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Exercise hypertension is related to aortic reservoir function: a first in-human exercise central haemodynamic study

M.G. Schultz,1 J.E. Davies,2 A. Black,3 P. Roberts-Thomson3 and J.E. Sharman,1 1Menzies Research Institute Tasmania, University of Tasmania, Hobart, TAS 7000, Australia, 2International Centre for Circulatory Health, Imperial College, London SW7 2AZ, UK and 3Royal Hobart Hospital, Hobart, TAS 7000, Australia.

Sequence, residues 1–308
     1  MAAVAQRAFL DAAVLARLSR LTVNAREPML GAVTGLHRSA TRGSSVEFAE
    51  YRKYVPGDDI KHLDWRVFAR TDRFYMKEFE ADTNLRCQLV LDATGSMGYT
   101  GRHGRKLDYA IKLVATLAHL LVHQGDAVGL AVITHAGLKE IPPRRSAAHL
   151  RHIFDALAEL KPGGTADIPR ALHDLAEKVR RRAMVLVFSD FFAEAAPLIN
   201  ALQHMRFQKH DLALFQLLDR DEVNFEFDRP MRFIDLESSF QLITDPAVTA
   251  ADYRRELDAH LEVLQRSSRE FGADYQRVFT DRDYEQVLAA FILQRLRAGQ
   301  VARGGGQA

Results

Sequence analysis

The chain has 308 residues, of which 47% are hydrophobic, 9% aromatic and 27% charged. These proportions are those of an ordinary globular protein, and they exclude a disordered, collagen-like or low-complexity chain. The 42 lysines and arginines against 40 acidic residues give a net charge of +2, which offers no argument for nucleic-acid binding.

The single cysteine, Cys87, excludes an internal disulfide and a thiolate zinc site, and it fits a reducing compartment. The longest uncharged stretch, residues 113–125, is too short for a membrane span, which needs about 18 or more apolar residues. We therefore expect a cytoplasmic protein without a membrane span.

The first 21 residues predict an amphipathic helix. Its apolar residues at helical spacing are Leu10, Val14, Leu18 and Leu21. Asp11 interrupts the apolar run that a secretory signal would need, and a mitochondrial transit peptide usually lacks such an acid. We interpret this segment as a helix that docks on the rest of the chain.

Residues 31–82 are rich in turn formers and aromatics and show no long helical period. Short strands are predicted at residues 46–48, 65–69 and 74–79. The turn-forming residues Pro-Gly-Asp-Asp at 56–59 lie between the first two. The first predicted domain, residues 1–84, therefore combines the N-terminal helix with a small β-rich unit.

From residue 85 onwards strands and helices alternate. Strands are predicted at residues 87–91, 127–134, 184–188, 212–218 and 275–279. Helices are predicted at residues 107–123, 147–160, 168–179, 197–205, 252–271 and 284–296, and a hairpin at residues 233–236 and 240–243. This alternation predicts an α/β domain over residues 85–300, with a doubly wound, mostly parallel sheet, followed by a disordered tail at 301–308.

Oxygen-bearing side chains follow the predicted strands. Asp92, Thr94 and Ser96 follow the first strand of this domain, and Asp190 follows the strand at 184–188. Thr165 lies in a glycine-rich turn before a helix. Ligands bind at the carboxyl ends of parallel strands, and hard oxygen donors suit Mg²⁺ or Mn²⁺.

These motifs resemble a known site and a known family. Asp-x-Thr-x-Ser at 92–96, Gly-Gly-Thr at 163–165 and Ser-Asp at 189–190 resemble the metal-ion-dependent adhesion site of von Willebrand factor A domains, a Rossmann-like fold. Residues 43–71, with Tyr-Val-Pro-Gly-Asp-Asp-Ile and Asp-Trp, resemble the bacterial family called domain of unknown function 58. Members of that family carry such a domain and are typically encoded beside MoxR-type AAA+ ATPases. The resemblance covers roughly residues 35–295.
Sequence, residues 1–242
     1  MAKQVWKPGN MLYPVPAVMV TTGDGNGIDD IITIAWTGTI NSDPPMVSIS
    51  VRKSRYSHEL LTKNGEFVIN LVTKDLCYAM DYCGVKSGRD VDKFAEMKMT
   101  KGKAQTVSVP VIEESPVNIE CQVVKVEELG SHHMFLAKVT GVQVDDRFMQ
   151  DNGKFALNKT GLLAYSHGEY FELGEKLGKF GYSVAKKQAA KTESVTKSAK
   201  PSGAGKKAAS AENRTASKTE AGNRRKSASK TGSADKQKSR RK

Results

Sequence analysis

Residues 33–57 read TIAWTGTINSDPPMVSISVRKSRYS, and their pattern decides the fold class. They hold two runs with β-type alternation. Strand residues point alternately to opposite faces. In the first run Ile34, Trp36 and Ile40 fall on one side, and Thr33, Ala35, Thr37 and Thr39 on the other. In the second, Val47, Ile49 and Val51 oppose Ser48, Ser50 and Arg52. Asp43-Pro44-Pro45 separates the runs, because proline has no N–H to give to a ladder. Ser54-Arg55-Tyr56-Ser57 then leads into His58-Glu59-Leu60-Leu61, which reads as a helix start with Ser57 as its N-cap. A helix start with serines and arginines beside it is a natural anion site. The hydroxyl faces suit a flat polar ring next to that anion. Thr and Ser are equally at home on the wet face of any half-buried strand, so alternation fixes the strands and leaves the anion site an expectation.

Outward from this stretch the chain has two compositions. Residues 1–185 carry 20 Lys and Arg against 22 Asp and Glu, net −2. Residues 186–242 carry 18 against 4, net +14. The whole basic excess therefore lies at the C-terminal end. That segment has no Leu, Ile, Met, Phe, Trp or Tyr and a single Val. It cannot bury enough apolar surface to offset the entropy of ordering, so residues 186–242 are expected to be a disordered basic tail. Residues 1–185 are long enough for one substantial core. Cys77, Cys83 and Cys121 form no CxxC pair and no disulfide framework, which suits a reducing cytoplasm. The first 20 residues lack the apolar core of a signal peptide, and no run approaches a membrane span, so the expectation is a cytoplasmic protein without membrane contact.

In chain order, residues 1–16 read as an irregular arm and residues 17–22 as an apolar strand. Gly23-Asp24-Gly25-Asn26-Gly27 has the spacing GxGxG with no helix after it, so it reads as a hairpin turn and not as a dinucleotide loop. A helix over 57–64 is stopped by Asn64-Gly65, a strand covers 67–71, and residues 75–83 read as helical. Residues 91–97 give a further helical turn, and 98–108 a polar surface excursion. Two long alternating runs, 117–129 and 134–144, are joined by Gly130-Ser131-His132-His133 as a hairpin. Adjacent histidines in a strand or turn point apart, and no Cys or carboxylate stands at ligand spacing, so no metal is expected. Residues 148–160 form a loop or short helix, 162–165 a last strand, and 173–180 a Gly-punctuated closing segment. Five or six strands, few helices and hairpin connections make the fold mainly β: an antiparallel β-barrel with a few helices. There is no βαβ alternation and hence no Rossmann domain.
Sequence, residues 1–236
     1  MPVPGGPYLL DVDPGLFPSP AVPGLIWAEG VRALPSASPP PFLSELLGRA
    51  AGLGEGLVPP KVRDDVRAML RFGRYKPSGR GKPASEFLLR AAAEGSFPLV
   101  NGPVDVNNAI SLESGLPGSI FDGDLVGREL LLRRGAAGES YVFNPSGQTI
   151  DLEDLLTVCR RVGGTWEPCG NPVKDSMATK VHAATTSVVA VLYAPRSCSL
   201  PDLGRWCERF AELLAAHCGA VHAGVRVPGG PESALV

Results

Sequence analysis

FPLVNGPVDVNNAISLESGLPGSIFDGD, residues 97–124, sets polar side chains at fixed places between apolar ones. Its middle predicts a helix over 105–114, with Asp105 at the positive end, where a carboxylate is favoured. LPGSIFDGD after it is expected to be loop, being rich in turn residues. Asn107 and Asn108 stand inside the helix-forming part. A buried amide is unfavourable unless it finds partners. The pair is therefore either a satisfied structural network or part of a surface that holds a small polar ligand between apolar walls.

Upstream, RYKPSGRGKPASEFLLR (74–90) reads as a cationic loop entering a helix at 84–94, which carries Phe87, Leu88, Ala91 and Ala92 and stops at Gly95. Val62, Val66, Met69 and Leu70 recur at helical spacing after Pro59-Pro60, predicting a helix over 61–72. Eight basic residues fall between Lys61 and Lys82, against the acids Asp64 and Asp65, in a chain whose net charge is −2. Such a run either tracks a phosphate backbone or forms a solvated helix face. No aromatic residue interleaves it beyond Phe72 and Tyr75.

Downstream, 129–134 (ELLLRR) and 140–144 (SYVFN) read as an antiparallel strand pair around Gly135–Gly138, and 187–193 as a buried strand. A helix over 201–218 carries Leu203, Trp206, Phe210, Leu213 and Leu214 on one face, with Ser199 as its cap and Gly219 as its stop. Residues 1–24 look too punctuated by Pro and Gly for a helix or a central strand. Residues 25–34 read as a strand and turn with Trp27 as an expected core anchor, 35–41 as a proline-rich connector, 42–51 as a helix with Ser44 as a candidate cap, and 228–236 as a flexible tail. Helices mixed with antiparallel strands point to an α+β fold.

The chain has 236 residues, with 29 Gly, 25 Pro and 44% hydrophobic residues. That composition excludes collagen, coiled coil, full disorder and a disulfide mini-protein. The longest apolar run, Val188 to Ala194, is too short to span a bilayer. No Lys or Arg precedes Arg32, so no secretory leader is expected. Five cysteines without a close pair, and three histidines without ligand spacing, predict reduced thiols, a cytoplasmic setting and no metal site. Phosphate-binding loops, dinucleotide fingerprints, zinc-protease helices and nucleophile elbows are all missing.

Exercise hypertension is prognostically important, but little is known on central haemodynamic factors associated with this response. We hypothesized that increased exercise central blood pressure (BP) would be related to increased forward wave travel and proximal aortic reservoir function. This study aimed to determine this using wave intensity analysis (WIA) for the first time during exercise. Following routine diagnostic coronary angiography, simultaneous pressure and Doppler flow velocity waveforms were recorded in the ascending aorta via sensor-tipped intra-arterial wires in 10 participants (mean age 54 ± 10 years, 70% male) with normal left-ventricular function and who were free of coronary artery disease. Measures were recorded at baseline and during light-moderate intensity cycle exercise at 60% of age-predicted-maximum heart rate (HR). Aortic reservoir pressure was calculated by subtraction from the central pressure waveform. Using WIA we identified dominant wave types throughout the cardiac cycle (forward and backward, compression and decompression waves). From rest to exercise, HR and maximal central BP increased significantly (+ 28% and + 15%, P < 0.001 for both respectively). The strongest correlate of the change in maximal BP was the change in peak aortic reservoir pressure (r = 0.755, P = 0.012). During exercise, there were significant increases in forward compression waves during early systole (baseline 27.02 × 106 ± 15.71 × 106 W.m-2s-2 vs exercise 41.01 × 106 ± 21.09 × 106 W.m-2s-2,+ 62% P = 0.014, corresponding to peak ejection) and forward decompression waves in late systole (baseline 10.96 × 106 ± 4.60 × 106 W.m-2s-2 vs exercise 20.88 × 106 ± 5.79 × 106 W.m-2s-2, + 127% change P < 0.001, corresponding to myocardial deceleration pre-aortic valve closure), but no change in backward travelling waves (P > 0.05 for all). We conclude that increased central BP with exercise may be due to impaired aortic reservoir function and major increases in aortic forward travelling waves that occur in early systole. These findings have relevance to understanding the pathophysiology of exercise hypertension.